20th of August
|Gunda, Antal||Pre-war 1/4 Sheet (cca. 31 x 48 cm)|
|Paint on cardboard.|
This painted poster artwork was created by Antal Gunda, a fine poster designer, for a national anniversary in the 1960s and it is connected to interesting political-historical issues.
A new period started in Hungarian poster art after the 1956 revolution. The former Rákosi-regime was replaced by the Kádár-system, and the new political situation determined the cultural changes as well. The former great expansion of political propaganda posters of the 1950s came to an end as the new political leadership realized that political issues should be avoided on streets. Along with political propaganda posters commercial posters also disappeared for a while due to the lack of products and independent clients. On the other hand, the genre of cultural poster had its heyday in the 1960s and 1970s.
Although political matters could not appear on posters of the time, there was an exception: big annual political events, state celebrations and anniversaries. These events could fit in the range of cultural events and posters of them also could function as cultural posters. These annual events generated a separated type of cultural poster design and they also gave a hard task to poster designers. The topic was the same year by year and the iconography had its own recurrent elements: waving flags, emblematic state buildings and political symbols appeared in these posters. It didn’t belong to the fancied duty of poster artists neither, but it was a help in case of a constraint of financial matters.
Compared to the average number of copies of a poster (which was about 400-4000) these posters had a high number of copies, about 10-30 000. The size of the poster was bigger than average and the quality and thickness of the paper used was also better. So this genre was a special type from several aspects.
Antal Gunda created several poster artworks for state celebrations and anniversaries. This work was created for the 20th of August which is the national and state celebration of Hungary. It is also the anniversary of the canonization of the first Hungarian king, I. Stephen, but during the Socialist era, between 1949 and 1989, it was replaced by the anniversary of the new constitution that the first political leadership of the period created.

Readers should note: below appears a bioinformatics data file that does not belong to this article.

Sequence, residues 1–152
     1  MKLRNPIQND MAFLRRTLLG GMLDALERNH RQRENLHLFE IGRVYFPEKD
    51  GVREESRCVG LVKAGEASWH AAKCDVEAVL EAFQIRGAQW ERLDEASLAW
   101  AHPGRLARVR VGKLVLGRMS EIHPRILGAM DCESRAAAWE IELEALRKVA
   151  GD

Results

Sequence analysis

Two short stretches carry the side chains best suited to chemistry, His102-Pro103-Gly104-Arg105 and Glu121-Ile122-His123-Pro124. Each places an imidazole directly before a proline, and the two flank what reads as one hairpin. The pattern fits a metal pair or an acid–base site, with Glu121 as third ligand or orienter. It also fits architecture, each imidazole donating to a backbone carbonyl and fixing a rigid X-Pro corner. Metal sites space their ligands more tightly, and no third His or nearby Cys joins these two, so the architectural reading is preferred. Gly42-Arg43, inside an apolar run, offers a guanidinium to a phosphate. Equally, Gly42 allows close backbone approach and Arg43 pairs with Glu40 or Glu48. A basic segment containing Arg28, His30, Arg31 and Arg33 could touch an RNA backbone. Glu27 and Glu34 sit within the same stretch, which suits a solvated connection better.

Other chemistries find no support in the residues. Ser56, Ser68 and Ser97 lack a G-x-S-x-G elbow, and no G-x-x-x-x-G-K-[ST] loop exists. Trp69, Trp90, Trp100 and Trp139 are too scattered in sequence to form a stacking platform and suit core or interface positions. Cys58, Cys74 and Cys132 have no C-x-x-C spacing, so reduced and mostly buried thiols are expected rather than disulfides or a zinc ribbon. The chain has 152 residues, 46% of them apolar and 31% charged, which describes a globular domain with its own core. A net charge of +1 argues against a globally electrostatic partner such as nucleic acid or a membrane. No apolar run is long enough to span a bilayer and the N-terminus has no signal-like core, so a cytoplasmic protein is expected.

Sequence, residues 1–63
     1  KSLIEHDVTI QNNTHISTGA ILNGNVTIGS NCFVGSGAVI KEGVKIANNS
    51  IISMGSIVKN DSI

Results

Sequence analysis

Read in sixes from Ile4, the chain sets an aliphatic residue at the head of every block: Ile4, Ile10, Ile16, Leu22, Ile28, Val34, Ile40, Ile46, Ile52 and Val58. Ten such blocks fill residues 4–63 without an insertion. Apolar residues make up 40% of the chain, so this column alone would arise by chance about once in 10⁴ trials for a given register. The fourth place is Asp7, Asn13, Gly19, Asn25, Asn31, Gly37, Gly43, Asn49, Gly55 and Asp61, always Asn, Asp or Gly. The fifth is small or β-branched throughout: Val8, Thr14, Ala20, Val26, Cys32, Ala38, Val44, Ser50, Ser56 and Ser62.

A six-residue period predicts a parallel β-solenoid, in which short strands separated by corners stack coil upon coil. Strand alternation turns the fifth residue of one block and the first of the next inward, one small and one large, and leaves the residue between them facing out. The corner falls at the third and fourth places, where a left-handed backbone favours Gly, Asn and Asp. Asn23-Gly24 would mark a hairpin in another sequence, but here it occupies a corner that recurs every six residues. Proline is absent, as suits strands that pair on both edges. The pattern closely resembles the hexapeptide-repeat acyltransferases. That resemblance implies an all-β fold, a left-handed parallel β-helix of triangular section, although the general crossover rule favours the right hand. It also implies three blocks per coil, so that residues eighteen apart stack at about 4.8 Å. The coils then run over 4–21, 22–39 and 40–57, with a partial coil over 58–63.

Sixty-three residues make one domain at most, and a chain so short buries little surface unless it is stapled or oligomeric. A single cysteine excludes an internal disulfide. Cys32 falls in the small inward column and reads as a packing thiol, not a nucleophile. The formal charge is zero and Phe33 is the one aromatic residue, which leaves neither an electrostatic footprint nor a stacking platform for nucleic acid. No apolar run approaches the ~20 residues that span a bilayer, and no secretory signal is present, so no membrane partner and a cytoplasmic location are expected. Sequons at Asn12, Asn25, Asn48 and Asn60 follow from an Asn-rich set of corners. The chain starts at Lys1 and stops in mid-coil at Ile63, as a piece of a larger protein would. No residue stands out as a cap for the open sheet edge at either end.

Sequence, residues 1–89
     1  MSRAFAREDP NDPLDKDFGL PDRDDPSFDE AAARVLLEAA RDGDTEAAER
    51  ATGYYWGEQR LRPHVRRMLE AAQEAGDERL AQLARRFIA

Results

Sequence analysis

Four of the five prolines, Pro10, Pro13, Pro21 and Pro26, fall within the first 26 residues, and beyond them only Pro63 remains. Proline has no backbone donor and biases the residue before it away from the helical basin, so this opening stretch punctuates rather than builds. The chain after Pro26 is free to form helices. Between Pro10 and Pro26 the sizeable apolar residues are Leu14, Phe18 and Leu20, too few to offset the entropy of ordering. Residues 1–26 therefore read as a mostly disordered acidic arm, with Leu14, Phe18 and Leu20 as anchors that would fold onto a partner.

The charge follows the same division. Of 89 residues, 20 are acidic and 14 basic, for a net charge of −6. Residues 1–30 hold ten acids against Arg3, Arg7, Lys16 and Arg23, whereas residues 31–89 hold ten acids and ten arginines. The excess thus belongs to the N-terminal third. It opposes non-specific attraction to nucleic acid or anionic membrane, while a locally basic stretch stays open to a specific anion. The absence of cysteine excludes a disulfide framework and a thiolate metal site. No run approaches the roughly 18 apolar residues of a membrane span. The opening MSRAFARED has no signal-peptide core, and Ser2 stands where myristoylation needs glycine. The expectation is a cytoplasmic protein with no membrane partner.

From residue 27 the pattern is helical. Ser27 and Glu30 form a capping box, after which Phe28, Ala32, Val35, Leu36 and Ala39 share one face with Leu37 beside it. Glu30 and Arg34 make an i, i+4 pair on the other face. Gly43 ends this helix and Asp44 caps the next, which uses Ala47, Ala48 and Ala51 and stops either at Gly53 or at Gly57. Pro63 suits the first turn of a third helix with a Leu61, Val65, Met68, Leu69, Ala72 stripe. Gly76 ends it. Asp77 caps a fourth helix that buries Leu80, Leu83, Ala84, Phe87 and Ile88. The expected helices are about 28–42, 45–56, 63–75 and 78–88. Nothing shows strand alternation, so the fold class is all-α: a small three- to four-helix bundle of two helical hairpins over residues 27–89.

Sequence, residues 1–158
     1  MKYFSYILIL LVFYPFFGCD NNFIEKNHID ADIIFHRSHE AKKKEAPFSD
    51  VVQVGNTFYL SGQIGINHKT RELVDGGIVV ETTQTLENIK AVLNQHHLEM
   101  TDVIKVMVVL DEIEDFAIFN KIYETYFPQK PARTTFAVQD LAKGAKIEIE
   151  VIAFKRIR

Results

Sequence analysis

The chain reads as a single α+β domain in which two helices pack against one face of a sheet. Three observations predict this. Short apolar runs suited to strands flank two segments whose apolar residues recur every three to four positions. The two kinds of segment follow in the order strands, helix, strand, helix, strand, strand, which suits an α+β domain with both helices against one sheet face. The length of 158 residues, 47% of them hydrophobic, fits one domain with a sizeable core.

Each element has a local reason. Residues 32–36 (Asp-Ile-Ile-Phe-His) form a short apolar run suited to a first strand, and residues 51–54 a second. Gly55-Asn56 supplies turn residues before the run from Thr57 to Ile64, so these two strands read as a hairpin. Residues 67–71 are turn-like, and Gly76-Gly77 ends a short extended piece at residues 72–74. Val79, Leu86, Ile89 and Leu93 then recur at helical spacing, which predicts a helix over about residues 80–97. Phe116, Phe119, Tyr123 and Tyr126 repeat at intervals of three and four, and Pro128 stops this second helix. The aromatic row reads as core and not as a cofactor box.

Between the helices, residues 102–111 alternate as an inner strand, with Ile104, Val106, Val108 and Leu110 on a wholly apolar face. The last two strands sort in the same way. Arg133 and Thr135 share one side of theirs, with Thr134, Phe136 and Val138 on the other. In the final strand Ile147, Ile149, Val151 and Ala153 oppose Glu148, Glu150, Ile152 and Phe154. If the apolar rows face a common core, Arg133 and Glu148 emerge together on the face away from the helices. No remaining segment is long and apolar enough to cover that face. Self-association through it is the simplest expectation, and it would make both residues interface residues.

The poster is a skillful and decorative composition of the red sign of ‘20th of August’, the green Hungarian Parliament and the red Hungarian coat of arms of the Kádár-era in front of a white background, referring to the national colours. The expressive portrayal of the image and the delicate lines of the script also contributes to the decorativeness of the poster. Even the coat of arms in the background, the political symbol of the era which wasn’t a beloved part of compositions those times, can function well visually. It also reveals Gunda’s talent that the political propagandistic character is not didactic, political issues doesn’t ruin the whole image, although the function of the political symbol is obvious. Even if the coat of arms represents the curent political ruining power, the most highlighted element of the composition is still the Hungarian Parliament, representing not only the state, but the Hungarian nation, too.
The Hungarian Parliament dates back to the end of the 19th century. There was a public tender in 1881 to find the perfect architectural design, and Imre Steindl, one of the greatest Hungarian architects of his time, was the winner with his plan. The final edifice was built until 1905 and it became the third largest Parliament building in the world, and the secong largest one in Europe. The building is located in Budapest, the capital city of Hungary, along the river Danube. Because of its location, it also became a symbol of Budapest, just as the British Parliament became symbol of London. Due to the stressed presentation of the emblematic building of the Hungarian Parliament, the poster could also function as a tourism poster of its time.
This poster artwork is a mature and decoratively painted piece from the 1960s, created by an outstanding poster artist, relating to complex issues of Hungarian history.